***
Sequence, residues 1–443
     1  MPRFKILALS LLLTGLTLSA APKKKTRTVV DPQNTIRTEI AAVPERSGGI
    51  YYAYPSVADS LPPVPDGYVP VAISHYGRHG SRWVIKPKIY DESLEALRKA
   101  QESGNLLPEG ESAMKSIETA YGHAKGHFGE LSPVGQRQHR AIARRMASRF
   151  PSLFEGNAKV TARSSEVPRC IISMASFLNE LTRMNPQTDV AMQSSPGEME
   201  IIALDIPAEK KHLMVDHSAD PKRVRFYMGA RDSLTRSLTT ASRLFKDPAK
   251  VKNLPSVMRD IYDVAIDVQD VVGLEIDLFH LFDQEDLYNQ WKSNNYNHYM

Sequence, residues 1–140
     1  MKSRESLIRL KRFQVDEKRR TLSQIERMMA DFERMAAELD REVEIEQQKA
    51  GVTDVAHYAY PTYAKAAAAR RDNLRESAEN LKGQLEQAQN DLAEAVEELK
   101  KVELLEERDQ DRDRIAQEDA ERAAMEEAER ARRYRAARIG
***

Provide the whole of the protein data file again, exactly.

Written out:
Sequence, residues 1–443
     1  MPRFKILALS LLLTGLTLSA APKKKTRTVV DPQNTIRTEI AAVPERSGGI
    51  YYAYPSVADS LPPVPDGYVP VAISHYGRHG SRWVIKPKIY DESLEALRKA
   101  QESGNLLPEG ESAMKSIETA YGHAKGHFGE LSPVGQRQHR AIARRMASRF
   151  PSLFEGNAKV TARSSEVPRC IISMASFLNE LTRMNPQTDV AMQSSPGEME
   201  IIALDIPAEK KHLMVDHSAD PKRVRFYMGA RDSLTRSLTT ASRLFKDPAK
   251  VKNLPSVMRD IYDVAIDVQD VVGLEIDLFH LFDQEDLYNQ WKSNNYNHYM

Sequence, residues 1–140
     1  MKSRESLIRL KRFQVDEKRR TLSQIERMMA DFERMAAELD REVEIEQQKA
    51  GVTDVAHYAY PTYAKAAAAR RDNLRESAEN LKGQLEQAQN DLAEAVEELK
   101  KVELLEERDQ DRDRIAQEDA ERAAMEEAER ARRYRAARIG